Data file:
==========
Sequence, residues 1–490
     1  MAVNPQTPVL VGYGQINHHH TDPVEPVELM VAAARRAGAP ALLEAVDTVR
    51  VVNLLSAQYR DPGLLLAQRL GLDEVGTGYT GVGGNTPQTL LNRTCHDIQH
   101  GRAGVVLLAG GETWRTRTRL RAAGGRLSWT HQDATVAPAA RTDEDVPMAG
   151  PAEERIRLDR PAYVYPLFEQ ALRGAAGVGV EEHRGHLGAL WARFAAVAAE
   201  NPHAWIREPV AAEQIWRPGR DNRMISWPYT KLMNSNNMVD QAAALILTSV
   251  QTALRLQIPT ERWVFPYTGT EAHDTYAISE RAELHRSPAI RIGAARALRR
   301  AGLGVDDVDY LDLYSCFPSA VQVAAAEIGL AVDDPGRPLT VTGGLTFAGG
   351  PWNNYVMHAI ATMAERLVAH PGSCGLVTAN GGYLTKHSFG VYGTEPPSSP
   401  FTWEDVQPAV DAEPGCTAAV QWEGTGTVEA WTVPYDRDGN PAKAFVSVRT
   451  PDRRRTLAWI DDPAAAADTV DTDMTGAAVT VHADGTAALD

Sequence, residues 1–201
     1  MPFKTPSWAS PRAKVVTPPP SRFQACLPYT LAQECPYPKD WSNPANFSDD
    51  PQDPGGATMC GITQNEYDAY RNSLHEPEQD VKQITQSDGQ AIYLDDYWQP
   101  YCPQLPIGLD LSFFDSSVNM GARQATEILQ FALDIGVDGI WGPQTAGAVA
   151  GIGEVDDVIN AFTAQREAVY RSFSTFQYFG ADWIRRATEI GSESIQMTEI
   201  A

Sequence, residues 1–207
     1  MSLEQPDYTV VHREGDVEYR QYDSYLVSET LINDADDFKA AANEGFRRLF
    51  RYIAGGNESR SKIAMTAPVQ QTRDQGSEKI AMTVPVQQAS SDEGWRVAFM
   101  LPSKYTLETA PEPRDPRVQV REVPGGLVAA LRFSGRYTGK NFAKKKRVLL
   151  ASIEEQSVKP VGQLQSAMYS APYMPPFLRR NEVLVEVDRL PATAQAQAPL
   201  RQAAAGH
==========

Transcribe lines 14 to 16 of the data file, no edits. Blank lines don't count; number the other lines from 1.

    51  PQDPGGATMC GITQNEYDAY RNSLHEPEQD VKQITQSDGQ AIYLDDYWQP
   101  YCPQLPIGLD LSFFDSSVNM GARQATEILQ FALDIGVDGI WGPQTAGAVA
   151  GIGEVDDVIN AFTAQREAVY RSFSTFQYFG ADWIRRATEI GSESIQMTEI